Some returning students may think that the new generation of synthetic drugs on the shelves of their local stores is perfectly safe and legal. But if they really believe that, it is a good thing they are going back to school. Recent changes in Tennessee and federal laws cover a broader range of synthetic drugs and impose increased penalties. Store owners who market these dangerous substances run the risk of seeing their store padlocked by local authorities.
Synthetic drugs burst onto the scene in Tennessee a couple of years ago under harmless-sounding names such as “bath salts” and “plant food.” The products were widely promoted as legal alternatives to ecstasy, cocaine, and other controlled substances. At that time, the Office of the Attorney General and the Tennessee Department of Agriculture responded aggressively to get these products off the shelves. The General Assembly also took prompt action to outlaw the substances. The Tennessee Bureau of Investigation cooperated with local law enforcement, district attorneys, and my office to crack down on retailers and wholesalers under the new statutes.
Rogue chemists, however, are constantly working to get around the law, and marketers are creative. New generations of these drugs are appearing in stores with packaging that makes them look like common energy drinks or other dietary supplements. Federal and state law makers are responding. Earlier this year our legislature made it more difficult to cook up legal variations of the banned drugs simply by tweaking existing formulas.
Additionally, a federal law passed by Congress and signed last month by President Obama bans several of the most common synthetic compounds and sets penalties similar to those for selling other controlled substances. As a consequence, those who put these drugs on their shelves or distribute them from their warehouses are subject to both state and federal prosecution.
Recently, Metro Nashville law enforcement, along with federal agents, used these new laws to crack down on convenience stores, tobacco shops, and other businesses allegedly selling these substances. Several stores were closed and padlocked and arrests made. This should send a strong message to store owners, managers, and their employees around the state.
The issue with these substances is not simply that they are illegal. Unfortunately, they could be even more health-threatening than the drugs they replace. In the last year, calls to poison control centers about synthetic drugs increased several hundred percent nationwide. Emergency room professionals are seeing dangerously high temperatures, heart rates, and blood pressures combined with severe psychological symptoms. Massive quantities of sedatives often are needed to stabilize the patients.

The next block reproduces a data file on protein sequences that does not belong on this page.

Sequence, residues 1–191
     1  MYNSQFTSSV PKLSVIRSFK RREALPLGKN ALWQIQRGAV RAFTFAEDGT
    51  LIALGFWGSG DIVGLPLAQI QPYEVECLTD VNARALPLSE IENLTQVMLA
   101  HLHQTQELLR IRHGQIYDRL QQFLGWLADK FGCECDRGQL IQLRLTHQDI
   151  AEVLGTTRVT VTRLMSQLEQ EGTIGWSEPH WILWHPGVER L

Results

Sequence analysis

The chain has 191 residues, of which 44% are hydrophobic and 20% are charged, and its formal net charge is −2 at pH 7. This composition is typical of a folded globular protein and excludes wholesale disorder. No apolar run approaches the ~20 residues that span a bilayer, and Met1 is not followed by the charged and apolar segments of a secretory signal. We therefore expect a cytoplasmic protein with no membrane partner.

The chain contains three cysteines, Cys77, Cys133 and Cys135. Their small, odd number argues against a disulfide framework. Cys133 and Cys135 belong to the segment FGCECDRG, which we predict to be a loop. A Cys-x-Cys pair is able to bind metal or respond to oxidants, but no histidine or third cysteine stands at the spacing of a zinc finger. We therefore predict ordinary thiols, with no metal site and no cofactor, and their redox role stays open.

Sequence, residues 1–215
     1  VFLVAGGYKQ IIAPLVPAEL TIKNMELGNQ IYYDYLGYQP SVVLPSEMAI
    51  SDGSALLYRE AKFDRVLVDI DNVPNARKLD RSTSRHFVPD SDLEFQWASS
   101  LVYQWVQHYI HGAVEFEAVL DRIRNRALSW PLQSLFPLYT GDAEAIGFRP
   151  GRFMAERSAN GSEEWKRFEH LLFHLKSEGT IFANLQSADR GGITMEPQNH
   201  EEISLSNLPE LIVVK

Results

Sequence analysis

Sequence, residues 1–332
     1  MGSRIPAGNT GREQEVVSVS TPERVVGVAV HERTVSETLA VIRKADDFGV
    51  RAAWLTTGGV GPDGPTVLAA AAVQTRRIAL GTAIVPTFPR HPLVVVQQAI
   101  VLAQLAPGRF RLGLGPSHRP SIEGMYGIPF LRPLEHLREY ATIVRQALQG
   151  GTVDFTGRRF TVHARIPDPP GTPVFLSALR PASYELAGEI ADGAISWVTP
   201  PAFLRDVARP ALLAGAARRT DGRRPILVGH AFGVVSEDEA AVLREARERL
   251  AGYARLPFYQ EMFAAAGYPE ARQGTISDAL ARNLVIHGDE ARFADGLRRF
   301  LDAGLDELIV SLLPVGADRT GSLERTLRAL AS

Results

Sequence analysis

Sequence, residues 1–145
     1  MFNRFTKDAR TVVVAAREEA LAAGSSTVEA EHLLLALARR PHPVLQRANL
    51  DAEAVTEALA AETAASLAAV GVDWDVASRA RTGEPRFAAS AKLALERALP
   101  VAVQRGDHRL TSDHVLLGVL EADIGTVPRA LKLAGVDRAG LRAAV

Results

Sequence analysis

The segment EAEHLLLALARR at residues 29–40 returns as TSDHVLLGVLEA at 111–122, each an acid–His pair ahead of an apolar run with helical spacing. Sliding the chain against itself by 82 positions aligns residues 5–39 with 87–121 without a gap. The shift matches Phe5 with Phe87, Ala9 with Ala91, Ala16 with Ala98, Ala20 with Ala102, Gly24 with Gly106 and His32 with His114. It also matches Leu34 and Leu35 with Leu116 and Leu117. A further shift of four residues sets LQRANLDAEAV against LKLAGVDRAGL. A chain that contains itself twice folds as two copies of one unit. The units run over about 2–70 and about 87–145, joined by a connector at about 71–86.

In a worrisome trend, these products are often displayed on store shelves alongside candy and similar products available to children. Legitimate business people regularly take every precaution to avoid selling a carton of spoiled milk or piece of tainted chicken. Yet, much more dangerous products are being marketed from their shelves as supposedly “safe and legal.” Sellers are taking huge risks with their customers’ health and safety by selling these synthetic drugs. Under the new state and federal statutes, many of these synthetic drugs are now illegal, and they certainly are not safe.
It is now absolutely clear that retailers have a responsibility to examine the products on their shelves and not take the word of distributors that products are “totally legal” or “not prohibited by the DEA.” As a matter of fact, these kinds of claims should raise red flags that there is something suspect about the product. The same is true if the product comes with an unusually wide profit margin. After all, a few grams of real bath salts or a couple of ounces of energy drink should never cost $15 dollars or more.
The recent crackdown in Nashville and earlier prosecutions in Rutherford County make clear that businesses which continue to market synthetic drugs will be face consequences. Under the new laws these dangerous drugs will be removed from the shelves, businesses padlocked, and the owners or employees subject to prosecution.